Phase II study of biomarker-guided neoadjuvant treatment strategy for IIIA-N2 non-small cell lung cancer based on epidermal growth factor receptor mutation status
- Wenzhao Zhong†1,
- Xuening Yang†1,
- Honghong Yan1,
- Xuchao Zhang1,
- Jian Su1,
- Zhihong Chen1,
- Riqiang Liao1,
- Qiang Nie1,
- Song Dong1,
- Qing Zhou1,
- Jinji Yang1,
- Haiyan Tu1 and
- Yi-Long Wu1Email author
© Zhong et al. 2015
Received: 2 March 2015
Accepted: 7 May 2015
Published: 17 May 2015
Neoadjuvant erlotinib and customized adjuvant therapy are appealing but controversial. The purpose of this study was to evaluate the role of biomarker-guided neoadjuvant treatment strategy in patients with IIIA-N2 non-small cell lung cancer (NSCLC) stratified by epidermal growth factor receptor (EGFR) mutation status.
Patients with resectable histologically documented stage IIIA-N2 NSCLC were assigned to a neoadjuvant erlotinib arm or a gemcitabine/carboplatin (GC) arm based on EGFR mutation status. The primary endpoint was response rate (RR). Secondary endpoints were progression-free survival (PFS) and overall survival (OS).
Twenty-four patients with IIIA-N2 NSCLC were enrolled in the trial from January 2008 until May 2011. The overall response rate was 41.7 % and the PFS and OS were 7.9 and 23.2 months, respectively, in overall population. The RR was 58.3 % (7/12) for the erlotinib arm with mutant EGFR and 25.0 % (3/12) for the GC arm with wild type EGFR (P = 0.18). Median PFS was 6.9 months versus 9.0 months, respectively (P = 0.071). Median OS was 14.5 months for the erlotinib arm and 28.1 months for the GC arm (P = 0.201). No unexpected toxicities were observed.
The primary endpoint was met and biomarker-guided neoadjuvant treatment strategy in patients with IIIA-N2 NSCLC is feasible. Erlotinib alone in neoadjuvant setting of EGFR mutant population showed an improved response but without survival benefits.
ClinicalTrials.gov NCT00600587 https://www.clinicaltrials.gov/ct2/show/NCT00600587?term=NCT00600587&rank=1
Patients with stage IIIA non-small cell lung cancer (NSCLC) represent a relatively heterogeneity with ipsilateral mediastinal lymph nodes (N2) involved, and relative roles of treatment modalities are not clearly defined. Chemoradiotherapy is an important treatment for stage IIIA disease but limited by treatment-related life-threatening toxicities . And previous work showed that status of gene expression was related to different degrees of how much gemcitabine improved survival of patients with advanced NSCLC . Recently, an individual participant data meta-analysis  found that neoadjuvant chemotherapy improves an absolute 5-year survival of 5 % and may be preferable for patients with poorer prognosis or larger tumors. However, chemotherapy has reached a therapeutic plateau in NSCLC. A literature-based meta-analysis reported  that tyrosine kinase inhibitors (TKIs) could provide more survival benefits for patients with advanced epidermal growth factor receptor (EGFR) mutant NSCLC, indicating the importance of selected patients with specific mutations when exploring efficacy of targeted therapy. In patients with EGFR mutation positive NSCLC, an EGFR-TKI may provide a dramatic response in a metastatic setting [5–7]. The primary analysis in the OPTIMAL study, comparing first-line erlotinib with gemcitabine/carboplatin (GC) in patients with advanced NSCLC with EGFR mutations, showed relatively higher response rate of 82.9 % (68/82) and significantly longer progression-free survival (PFS) with erlotinib than with GC therapy . Since 2007, several case reports and retrospective studies with small sample sizes have shown that neoadjuvant EGFR-TKI therapy results in N2 downstaging in patients with stage IIIA-N2 NSCLC harboring EGFR mutation [9–12]. In two phase II studies, neoadjuvant EGFR-TKI showed low toxicity and sufficient activity in an enriched population [13, 14]. However, no survival data in neoadjuvant TKI therapy were obtained.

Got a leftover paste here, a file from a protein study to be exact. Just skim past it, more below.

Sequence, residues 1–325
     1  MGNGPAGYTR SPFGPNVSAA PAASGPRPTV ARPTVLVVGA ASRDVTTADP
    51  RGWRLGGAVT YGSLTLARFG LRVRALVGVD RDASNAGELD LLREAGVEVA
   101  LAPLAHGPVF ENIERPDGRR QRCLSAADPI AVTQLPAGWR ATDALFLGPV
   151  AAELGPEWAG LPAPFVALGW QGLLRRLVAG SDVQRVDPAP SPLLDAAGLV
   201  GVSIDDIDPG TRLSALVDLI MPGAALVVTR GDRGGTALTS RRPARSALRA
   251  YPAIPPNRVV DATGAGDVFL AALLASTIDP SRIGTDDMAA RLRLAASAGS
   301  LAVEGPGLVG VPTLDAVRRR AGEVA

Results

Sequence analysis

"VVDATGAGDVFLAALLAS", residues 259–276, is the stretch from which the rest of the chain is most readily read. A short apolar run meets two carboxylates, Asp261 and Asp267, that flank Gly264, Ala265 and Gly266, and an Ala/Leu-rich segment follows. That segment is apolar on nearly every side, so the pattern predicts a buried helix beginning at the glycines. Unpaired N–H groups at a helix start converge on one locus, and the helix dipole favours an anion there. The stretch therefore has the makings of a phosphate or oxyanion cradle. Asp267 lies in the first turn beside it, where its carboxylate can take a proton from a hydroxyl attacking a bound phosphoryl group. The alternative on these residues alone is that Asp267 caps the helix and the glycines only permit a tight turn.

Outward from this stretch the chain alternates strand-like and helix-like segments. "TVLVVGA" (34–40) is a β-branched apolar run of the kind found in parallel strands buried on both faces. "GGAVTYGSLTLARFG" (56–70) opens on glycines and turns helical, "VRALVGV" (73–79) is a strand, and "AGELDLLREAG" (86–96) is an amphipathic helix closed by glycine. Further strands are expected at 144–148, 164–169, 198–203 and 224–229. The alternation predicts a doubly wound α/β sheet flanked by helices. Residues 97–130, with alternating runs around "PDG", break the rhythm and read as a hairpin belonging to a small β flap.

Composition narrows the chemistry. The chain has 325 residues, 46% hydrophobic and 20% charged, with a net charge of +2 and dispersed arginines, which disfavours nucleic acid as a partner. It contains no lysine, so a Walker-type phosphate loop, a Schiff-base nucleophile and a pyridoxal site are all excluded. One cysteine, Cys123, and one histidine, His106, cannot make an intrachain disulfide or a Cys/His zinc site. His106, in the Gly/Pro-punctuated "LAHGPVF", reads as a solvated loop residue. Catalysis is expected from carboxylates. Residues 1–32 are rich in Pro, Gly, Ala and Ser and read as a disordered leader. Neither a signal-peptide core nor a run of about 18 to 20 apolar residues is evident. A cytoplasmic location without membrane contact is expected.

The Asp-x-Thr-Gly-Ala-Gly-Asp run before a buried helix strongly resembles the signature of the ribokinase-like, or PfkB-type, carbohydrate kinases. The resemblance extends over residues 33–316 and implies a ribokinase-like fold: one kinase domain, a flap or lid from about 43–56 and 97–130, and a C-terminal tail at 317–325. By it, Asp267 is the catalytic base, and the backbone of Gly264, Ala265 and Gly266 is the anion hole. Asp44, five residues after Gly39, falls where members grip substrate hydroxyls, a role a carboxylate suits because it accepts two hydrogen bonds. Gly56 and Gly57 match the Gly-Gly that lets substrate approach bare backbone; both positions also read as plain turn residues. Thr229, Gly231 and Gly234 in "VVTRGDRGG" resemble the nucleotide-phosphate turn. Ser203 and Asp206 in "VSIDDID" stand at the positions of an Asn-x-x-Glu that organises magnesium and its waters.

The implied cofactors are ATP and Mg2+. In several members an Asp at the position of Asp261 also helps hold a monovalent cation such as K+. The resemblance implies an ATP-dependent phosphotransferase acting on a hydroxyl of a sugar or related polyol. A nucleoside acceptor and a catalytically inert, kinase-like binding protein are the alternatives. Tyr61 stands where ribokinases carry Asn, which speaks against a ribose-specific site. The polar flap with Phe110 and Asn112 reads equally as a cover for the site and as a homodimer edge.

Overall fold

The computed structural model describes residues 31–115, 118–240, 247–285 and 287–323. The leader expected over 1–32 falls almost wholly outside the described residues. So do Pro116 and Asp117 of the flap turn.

In the near future, lung cancer treatment will likely become more patient-tailored by a molecular-based strategy. Neoadjuvant EGFR-TKI therapy and customized adjuvant therapy (IFCT-0801, TASTE trial) are appealing but controversial strategies in patients with IIIA-N2 NSCLC . The aim of this study was to investigate the efficacy of biomarker-guided neoadjuvant treatment strategy with erlotinib versus GC regimen in patients with stage IIIA-N2 NSCLC stratified by EGFR activating mutations and explore a new treatment strategy for this subset of patients.
Results and discussion
Baseline patient demographics and clinical characteristics
Median age at diagnosis (years)
60.17 ± 13.31
58.75 ± 12.12
Gender, n (%)
6 (6/12, 50.00 %)
8 (8/12, 66.67 %)
6 (6/12, 50.00 %)
4 (4/12, 33.33 %)
6.25 ± 11.89
20.83 ± 21.09
Daily cigarette consumption, n
7.92 ± 14.99
17.92 ± 18.27
Pathology, n (%)
11 (11/12, 91.67 %)
11 (11/12, 91.67 %)
0 (0.00 %)
1 (1/12, 8.33 %)
Adenoid cystic carcinoma
1 (1/12, 8.33 %)
0 (0.00 %)
Mutation status, n (%)
EGFR/KRAS wild type
Exon 19 deletion
EGFR mutation with KRAS codon
EGFR mutation with EML4-ALK*
Deletion in BIM
Postoperative radiotherapy, n
Median follow-up (months)
Evaluation of neoadjuvant therapy efficacy
Erlotinib arm n = 12, (%)
GC arm n = 12, (%)
Clinical N2 downstaging
Pathological N2 downstaging
Survival and failure models 
Treatment toxicity and feasibility
Overall, neoadjuvant therapies were well tolerated. The most common side effects in the erlotinib arm were rash (100 %; 16.7 % as grade 3–4) and diarrhea (41.6 %). Only one case had postoperative bleeding. Another case in the erlotinib arm suffered from acute radiotherapy-induced pneumonitis related to death. Three cases in the GC arm exhibited grade 4 thrombocytopenia, two of which received blood transfusion.